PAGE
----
Relative Strength Index
Relative Strength Index, or RSI, is one of the most popular technical indicators among traders. It was developed by J. Welles Wilder in 1978 to measure the speed and the change of price movements. The indicator also helps to determine the overbought/oversold state of the market in order to buy low and sell high.
How to implement RSI
To add the RSI to a chart, click “Insert” – “Indicators” – “Oscillators” – and you will see the "Relative Strength Index".
By default, MetaTrader will offer you to have “14” as the number of periods. You can change this parameter if you want to. Short-term traders normally use 9-period RSI, while those who prefer longer-term trades choose 25-period RSI. All in all, the smaller the period, the more fluctuations the indicator will make.
How to interpret Relative Strength Index
The readings of the indicator fluctuate between 0 and 100. You can also add a middle line at 50. If the RSI is above this point, momentum is considered up and there’s more sense to look for opportunities to buy. When the RSI drops below 50, it’s a sign of a new bearish market trend, so consider opening sell trades.
The market is overbought or oversold
Like other oscillators, the RSI helps to tell when the asset is overbought or oversold. For the RSI, you need to watch the levels of 70 and 30. If the RSI rises above 70 bound, it means that the market is overbought and may correct down. If the RSI falls below the 30 line – the asset is oversold and may retrace to higher levels.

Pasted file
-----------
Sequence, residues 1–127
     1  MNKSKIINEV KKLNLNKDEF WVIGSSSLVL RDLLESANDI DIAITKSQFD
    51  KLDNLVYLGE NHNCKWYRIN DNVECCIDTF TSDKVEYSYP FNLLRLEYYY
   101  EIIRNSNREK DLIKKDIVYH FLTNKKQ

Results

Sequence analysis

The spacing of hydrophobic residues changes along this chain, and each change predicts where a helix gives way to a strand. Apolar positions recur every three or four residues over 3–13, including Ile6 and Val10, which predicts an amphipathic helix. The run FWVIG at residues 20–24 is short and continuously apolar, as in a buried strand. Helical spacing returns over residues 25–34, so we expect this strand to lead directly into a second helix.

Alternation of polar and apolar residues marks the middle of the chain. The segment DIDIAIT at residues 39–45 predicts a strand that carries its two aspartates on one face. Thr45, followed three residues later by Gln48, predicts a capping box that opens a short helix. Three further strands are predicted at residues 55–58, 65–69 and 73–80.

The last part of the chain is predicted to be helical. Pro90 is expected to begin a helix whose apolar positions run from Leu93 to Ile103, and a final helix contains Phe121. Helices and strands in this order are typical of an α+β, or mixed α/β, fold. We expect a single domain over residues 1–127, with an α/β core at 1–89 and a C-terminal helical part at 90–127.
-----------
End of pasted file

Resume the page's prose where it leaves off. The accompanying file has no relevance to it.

Notice, however, that this approach is not suitable for trading in strong trends when the RSI may stay overbought or oversold for long periods of time. If you have evidence that there’s a strong trend in the market, consider selling when RSI is oversold in a downtrend, and buying when RSI is overbought in an uptrend.
All in all, the quality of RSI signals increases when you follow only those signals that are in the direction of the trend when the indicator leaves critical levels. For example, you can buy during an uptrend when RSI gets above 30.
The market reversal
Moreover, the divergence between RSI and price may warn of the market reversal. When the new high of the price is not confirmed by the new high in the RSI, it’s a bearish divergence, which is a negative signal. When the price forms a lower low but the minimum of RSI is higher than the previous one, it’s a divergence in favor of bulls.
The RSI is often used in combination with another oscillator, the MACD. While the RSI measures price change in relation to recent price highs and lows, the MACD measures the relationship between two EMAs. Together the RSI and the MACD represent a powerful combo.
A competent trader should know what the RSI is and how to use it. Make sure that your analysis isn’t built solely on RSI but comprises the study of price action as well as other technical indicators. Remember that the signals of the Relative Strength Index are most reliable when they conform to the long-term trend.
Other articles in this section
- Renko charts Japanese candlestick chart
- Types of charts
- Heiken Ashi
- Quantitative easing policy
- Pivot Points
- Moving Average
- Williams’ Percent Range (%R)
- Relative Vigor Index (RVI indicator)
- Force index
- Bulls Power and Bears Power
- Average True Range
- How to trade on central bank decisions?
- CCI (Commodity Channel Index)
- Standard deviation
- Parabolic SAR
- Stochastic Oscillator
- MACD (Moving Average Convergence/Divergence)
- ADX indicator
- Bollinger bands
- Trend indicators
- Introduction to technical indicators
- Support and resistance
- Technical analysis
- Central Banks: policy and effects
- Fundamental factors
- Fundamental analysis
- Fundamental vs technical analysis